Can you say Juukisei <Gun control>? (Said in a Mr. Roger’s tone of voice)
How it feels to live in Japan without guns
The subject of gun control, at least when it reaches the mouths of Americans, becomes a heated and often out of control debate. Talk about it with Japanese people and you will find that it is kind of met with a sense of ‘Does this even need to be talked about?’. It is like, ‘Why are you even talking about regulating guns? Of course they need to be so. Why are you even bringing this up as a point of discussion?’ It is as if you were asking someone to talk about how they feel about the need for licensing and registration being a good idea for cars.
I grew up in the United States of America. And while I can not say that I thought about guns everyday, I will say without any sense of illusion that I wondered on a daily basis, ‘Does this guy have a gun? What if he/she is carrying?’ at least on an almost unconscious level. These were thoughts that I had on my mind on a more or less constant basis. And there is good basis for this mental state with the daily barrage of reports of people losing their lives due to either the deliberate or accidental use of guns. In fact you would be rather stupid not to have this attitude. I do not want to say out and out that gun control is the answer for the United States of America as there are good arguments for the opposite point of view. I can only say that after living in both first America and then in Japan for roughly equal lengths of time, I can say without hesitation that gun control seems to have worked wonderfully for Japan.
I often hear that it is not fair to compare Japan with America in the area of gun control because the Japanese are by nature docile and peaceful or because the Japanese have an inbuilt ethical or moral fabric that makes gun control easier. Both of these I feel are faulty arguments and I would like to look at these and the present state of gun control in Japan.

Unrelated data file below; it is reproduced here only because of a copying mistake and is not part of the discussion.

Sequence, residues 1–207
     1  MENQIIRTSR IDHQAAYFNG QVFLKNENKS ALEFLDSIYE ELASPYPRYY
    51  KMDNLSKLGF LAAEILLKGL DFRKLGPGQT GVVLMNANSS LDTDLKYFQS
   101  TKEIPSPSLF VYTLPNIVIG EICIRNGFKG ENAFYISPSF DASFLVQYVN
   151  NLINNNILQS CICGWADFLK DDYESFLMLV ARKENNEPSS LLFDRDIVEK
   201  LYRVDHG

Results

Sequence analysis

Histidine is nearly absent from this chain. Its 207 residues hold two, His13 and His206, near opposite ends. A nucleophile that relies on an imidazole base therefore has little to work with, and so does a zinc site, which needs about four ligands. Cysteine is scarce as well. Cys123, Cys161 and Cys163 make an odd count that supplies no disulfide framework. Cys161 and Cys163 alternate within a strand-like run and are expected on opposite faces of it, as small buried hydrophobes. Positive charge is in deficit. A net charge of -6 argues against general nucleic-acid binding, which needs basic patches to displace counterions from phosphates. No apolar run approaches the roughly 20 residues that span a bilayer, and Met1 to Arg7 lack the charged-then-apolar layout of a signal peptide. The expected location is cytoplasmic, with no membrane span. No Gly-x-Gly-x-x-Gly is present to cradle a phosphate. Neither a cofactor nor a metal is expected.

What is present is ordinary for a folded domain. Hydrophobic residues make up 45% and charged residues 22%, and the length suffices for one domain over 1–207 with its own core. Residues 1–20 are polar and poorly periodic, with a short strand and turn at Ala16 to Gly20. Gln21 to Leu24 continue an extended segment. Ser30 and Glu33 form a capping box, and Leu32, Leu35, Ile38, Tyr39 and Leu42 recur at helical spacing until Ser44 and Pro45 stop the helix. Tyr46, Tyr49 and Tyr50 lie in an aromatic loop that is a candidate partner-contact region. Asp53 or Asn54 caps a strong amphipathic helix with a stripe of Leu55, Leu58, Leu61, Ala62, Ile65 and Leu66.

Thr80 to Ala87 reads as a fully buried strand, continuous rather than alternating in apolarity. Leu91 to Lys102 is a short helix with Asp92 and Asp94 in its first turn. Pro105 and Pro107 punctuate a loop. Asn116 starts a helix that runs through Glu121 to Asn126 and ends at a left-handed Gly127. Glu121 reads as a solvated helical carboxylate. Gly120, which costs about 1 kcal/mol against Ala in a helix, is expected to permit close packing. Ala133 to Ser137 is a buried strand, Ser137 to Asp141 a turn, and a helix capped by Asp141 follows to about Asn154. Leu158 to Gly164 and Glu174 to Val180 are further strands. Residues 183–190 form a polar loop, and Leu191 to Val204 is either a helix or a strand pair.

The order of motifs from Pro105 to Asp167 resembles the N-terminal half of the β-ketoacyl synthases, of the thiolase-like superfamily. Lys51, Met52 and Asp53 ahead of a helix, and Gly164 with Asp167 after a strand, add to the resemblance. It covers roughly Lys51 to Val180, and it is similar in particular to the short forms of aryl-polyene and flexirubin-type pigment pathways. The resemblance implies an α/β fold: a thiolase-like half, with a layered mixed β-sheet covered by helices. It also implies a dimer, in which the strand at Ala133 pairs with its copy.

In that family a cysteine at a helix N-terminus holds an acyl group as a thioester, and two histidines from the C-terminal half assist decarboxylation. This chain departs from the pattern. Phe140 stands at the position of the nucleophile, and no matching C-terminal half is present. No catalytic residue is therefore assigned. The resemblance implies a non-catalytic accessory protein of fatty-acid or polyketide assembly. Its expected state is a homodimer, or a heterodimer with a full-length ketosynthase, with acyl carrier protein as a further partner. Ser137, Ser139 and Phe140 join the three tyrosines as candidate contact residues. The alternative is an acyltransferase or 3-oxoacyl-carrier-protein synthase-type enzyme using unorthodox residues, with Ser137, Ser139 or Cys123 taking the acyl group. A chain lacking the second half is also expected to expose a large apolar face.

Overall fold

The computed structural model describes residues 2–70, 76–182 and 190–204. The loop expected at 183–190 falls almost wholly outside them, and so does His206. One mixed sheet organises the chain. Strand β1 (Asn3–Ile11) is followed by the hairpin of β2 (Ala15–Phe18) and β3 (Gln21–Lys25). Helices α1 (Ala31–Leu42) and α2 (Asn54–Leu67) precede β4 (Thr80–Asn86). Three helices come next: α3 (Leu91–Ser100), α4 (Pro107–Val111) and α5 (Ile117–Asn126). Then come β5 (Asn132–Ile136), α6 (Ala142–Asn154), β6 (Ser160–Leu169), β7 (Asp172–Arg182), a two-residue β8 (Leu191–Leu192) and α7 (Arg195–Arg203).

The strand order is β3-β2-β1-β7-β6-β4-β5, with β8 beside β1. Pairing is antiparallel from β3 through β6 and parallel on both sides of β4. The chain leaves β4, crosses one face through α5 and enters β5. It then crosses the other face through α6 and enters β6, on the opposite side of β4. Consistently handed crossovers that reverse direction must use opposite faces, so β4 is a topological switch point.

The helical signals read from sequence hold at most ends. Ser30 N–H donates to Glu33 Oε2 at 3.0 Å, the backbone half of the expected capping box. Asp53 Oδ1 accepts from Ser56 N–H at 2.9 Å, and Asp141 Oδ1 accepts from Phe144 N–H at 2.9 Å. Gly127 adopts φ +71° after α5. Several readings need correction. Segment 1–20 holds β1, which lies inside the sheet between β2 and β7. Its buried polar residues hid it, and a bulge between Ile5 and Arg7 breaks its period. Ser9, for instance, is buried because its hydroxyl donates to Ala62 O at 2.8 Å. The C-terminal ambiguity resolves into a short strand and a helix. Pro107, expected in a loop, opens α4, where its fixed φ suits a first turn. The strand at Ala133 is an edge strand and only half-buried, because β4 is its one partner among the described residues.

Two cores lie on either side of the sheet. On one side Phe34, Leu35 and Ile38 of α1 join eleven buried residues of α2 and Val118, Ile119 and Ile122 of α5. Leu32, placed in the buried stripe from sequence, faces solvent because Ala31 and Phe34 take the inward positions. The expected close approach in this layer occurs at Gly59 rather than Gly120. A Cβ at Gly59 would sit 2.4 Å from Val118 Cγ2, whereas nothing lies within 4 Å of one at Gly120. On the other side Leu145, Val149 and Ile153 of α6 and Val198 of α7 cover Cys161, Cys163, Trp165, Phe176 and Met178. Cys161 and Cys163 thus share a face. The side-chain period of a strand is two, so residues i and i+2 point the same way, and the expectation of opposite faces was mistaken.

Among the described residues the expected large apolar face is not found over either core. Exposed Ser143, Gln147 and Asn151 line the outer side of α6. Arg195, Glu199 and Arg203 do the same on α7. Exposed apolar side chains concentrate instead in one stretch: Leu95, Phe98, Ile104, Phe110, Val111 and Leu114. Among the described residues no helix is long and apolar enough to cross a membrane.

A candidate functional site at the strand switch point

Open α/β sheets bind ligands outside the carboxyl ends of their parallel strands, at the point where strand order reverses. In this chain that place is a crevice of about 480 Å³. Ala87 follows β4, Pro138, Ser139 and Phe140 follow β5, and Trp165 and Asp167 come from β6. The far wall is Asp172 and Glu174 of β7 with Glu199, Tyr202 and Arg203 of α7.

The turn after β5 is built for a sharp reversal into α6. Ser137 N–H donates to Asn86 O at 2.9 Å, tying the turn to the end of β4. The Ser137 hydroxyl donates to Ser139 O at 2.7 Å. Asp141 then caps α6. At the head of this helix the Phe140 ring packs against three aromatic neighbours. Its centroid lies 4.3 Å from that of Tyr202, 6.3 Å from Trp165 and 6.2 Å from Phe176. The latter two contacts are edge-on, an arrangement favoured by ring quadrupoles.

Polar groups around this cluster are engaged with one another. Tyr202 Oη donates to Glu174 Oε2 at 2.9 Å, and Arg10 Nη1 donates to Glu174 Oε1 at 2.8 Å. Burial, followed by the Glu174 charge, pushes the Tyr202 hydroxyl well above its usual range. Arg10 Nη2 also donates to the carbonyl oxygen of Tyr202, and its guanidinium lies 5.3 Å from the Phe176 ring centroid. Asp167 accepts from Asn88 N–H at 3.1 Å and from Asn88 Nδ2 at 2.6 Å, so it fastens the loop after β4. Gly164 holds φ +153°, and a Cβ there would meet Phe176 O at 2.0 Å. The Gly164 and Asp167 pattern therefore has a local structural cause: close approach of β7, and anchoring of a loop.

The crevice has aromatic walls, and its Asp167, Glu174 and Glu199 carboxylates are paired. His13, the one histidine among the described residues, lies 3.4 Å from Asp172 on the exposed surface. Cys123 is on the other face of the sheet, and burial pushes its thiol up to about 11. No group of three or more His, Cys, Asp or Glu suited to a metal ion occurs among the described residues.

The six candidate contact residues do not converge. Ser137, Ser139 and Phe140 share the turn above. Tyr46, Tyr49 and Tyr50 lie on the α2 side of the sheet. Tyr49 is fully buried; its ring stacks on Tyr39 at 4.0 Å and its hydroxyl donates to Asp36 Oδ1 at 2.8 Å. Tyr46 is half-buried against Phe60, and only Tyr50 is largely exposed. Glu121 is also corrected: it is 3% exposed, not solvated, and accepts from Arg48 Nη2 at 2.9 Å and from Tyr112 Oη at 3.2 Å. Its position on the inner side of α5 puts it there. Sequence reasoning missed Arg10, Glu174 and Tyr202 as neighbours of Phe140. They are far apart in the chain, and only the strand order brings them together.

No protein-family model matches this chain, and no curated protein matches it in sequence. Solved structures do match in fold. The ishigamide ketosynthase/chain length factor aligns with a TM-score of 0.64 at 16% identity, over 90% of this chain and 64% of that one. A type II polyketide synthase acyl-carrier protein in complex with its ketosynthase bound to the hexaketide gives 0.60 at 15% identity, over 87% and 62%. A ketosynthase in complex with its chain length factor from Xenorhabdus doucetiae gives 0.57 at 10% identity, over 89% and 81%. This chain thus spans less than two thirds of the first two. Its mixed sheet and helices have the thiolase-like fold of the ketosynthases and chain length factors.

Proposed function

Guns in Japan before gun control
Apparently guns, or rifles to be specific, made their way to Japan on the southern island of Tanegashima which is located even farther south from Kyuushuu but northern to Okinawa in the middle 15 hundreds. There are historians in Japan at present saying that guns that came from Asia were actually in existence before this but for now we will go with the traditional viewpoint. The lord of Tanegashima, Tokitaka sequestered 2 rifles from a grounded Portuguese ship and demanded that his iron workers decipher and reproduce the rifles. From this very humble beginning Japan went on to be the world’s largest possessor and importer/exporter of rifles in the world. Let that sink in for a minute. In the span of less than a century, and more like a few decades Japan went from being a country with zero or very few rifles to the world’s largest gun possessing country. These rifles were not merely the tools of the warrior class but also of pure gun manufacturing groups, religious groups and the merchant and farming classes as well. So we have now a people armed with not only rifles but of course swords and numerous other forms of weaponry. It was from within this background that one of the great unifiers of Japan, Toyotomi Hideyoshi, who had unified Japan and became its sole leader, implemented what is called, ‘Katanagari’ <刀狩り> literally ‘sword hunting’ in 1588.
This order that forbade anyone not of the warrior class from possessing swords was not the first time to have come about in Japan and had happened previously on at least 3 other occasions. Toyotomi implemented this edict based on the largely, but not totally, fictional aim of rebuilding a new ‘Giant Buddha statue’ which required the metal of the nation’s swords and guns. It is obvious that this was more a way to disarm any rebellions than it was to build a Giant Buddha statue. Incidentally the temple, Houkou-ji was completed after about 10 years of work but was destroyed in 1596 by an earthquake for what that is worth.
While we at the present time may think this was a dishonest or even cowardly way to dispel your enemy, we can also credit Toyotomi with being at least clever and can perhaps praise him for slowly changing the war based mindset of the people into one a bit more practical and peace seeking.
Remember that the Japanese are not by nature peace-loving, docile imbeciles but are rather incredible fighters. We only have to look to the 140 years or more of constant civil war that was a daily phenomena for the whole country during the ‘Sengoku jidai’ <Warring states>.
And let us not forget the ‘Tameshigiri’, or, practice cut that was employed prior to the advent of the Edo period. This was a practice of cutting a carcass to see if the blade of a sword was truly battle ready or not. In Europe apparently this was used mostly using the bodies of dead animals. In Japan it was determined that animal bodies would not be a true determinant and that human corpses were to be used. In the early years of Edo there are records of contests amongst swordsmen who would cut through not one, not two but three or even up to seven torsos with one cut. Anyway, I am trying to make the point that the Japanese are not by nature a peace-loving, docile people for whom gun or weapon control would be an effective measure to countering violence while it would not be for the peoples of other countries.